As I’ve discussed recently, zinc is one of the few metals seeing some excitement today.
A number of high-profile sources have singled out zinc as having the best fundamentals going in the base metals complex. Based on upcoming major mine closures in places like Canada and Australia. As well as falling production of by-product zinc from precious metals mines.
It appears this weeks that it’s not just the supply side that’s looking bullish. Zinc demand may also be considerably stronger than expected.
That’s because one consuming nation is using a lot more of the metal than previously expected.
Major Japanese zinc producer Mitsui Mining & Smelting said this week that in-country demand is exceeding expectations. In an interview with Bloomberg, the company’s general manager Osamu Saito said that Japanese government stimulus is causing a surprise surge in zinc usage.
“The domestic market has been better than we had expected as demand increased, especially from the construction and equipment industries and for solar projects,” noted Saito.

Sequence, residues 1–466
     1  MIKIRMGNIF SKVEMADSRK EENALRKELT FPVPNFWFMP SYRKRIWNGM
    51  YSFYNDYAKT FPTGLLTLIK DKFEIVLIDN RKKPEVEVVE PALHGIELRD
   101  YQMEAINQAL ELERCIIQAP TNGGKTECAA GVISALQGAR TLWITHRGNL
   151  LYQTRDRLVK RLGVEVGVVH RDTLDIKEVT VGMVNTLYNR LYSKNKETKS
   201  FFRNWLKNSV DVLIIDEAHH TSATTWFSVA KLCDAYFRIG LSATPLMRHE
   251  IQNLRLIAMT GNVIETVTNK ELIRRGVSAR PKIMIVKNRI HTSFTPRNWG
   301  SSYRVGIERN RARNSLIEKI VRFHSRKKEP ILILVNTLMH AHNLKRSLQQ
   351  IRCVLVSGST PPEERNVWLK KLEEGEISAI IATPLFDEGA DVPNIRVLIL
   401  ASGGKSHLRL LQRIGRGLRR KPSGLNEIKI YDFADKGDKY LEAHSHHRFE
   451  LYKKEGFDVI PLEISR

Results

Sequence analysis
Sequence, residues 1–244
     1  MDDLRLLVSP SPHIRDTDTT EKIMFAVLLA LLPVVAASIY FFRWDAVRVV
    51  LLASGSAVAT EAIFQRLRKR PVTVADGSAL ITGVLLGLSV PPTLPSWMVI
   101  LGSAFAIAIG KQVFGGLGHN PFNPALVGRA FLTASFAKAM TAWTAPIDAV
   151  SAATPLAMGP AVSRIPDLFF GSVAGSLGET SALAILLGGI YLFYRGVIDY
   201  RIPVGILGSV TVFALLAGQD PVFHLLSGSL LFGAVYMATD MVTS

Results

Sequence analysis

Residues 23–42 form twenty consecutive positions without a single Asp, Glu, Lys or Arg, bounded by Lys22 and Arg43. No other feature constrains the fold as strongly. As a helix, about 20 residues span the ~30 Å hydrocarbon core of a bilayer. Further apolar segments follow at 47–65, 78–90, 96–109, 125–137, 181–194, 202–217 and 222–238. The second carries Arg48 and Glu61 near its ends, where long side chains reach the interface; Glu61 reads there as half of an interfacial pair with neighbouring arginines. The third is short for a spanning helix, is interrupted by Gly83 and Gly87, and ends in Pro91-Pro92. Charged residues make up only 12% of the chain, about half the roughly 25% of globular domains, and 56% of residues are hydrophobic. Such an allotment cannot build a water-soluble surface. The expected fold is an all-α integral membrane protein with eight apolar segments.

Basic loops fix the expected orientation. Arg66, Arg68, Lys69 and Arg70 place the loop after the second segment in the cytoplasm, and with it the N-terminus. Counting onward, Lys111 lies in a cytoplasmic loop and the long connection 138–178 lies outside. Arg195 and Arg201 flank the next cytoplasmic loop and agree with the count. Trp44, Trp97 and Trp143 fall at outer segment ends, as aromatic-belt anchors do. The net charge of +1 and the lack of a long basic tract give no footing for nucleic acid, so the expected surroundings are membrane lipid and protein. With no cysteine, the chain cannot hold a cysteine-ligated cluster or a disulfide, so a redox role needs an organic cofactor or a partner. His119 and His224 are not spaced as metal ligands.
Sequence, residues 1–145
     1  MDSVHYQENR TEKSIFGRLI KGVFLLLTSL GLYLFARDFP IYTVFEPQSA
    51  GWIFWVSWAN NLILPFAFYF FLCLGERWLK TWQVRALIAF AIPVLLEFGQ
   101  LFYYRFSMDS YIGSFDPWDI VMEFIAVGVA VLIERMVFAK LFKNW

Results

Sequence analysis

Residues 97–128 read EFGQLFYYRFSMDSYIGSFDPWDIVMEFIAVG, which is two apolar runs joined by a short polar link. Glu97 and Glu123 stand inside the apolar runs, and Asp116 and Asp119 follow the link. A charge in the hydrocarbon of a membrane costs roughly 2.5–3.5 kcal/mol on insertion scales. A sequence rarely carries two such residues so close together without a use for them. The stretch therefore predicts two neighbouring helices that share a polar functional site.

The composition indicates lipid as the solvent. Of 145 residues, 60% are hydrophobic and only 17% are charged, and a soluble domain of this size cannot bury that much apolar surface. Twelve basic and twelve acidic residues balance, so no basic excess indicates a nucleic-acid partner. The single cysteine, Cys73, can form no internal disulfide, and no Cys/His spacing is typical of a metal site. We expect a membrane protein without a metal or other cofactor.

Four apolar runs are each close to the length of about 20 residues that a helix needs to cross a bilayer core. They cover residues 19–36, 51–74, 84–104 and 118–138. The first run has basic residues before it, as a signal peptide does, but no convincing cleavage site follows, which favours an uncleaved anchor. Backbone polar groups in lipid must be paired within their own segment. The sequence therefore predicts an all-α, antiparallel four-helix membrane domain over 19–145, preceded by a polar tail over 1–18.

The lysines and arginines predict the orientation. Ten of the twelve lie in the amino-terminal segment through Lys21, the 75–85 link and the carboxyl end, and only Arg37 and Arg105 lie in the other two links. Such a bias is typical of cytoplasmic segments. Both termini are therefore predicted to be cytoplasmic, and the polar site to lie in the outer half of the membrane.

Mitsui is thus selling more zinc to local buyers. A factor that will unexpectedly cut the company’s exports of the metal for the current fiscal year (which runs until March 2014).
Overall, Mitsui said it now expects to export only 110,000 metric tons of zinc for the fiscal year. Down 27% from the previous forecast of 150,000 metric tons. And 13% less than the 126,000 metric tons the company exported during the previous year.
Few observers were expecting a “blasé” economy like Japan to soak up this much zinc. The news should thus give another boost in sentiment–and fundamentals–for the metal.
All of which continues to point to a resurgence in this market.
Such a move up is still theoretical–with the metal currently trading at its lowest price since early October, at just over $0.83 per pound. We haven’t yet seen a price surge since the bullish reports started emerging six weeks ago or so.
But it’s certainly worth keeping an eye on this space. Usually when good news (or at least expectations of such) starts compounding the ways it has been for zinc, it’s only a matter of time until the market reacts.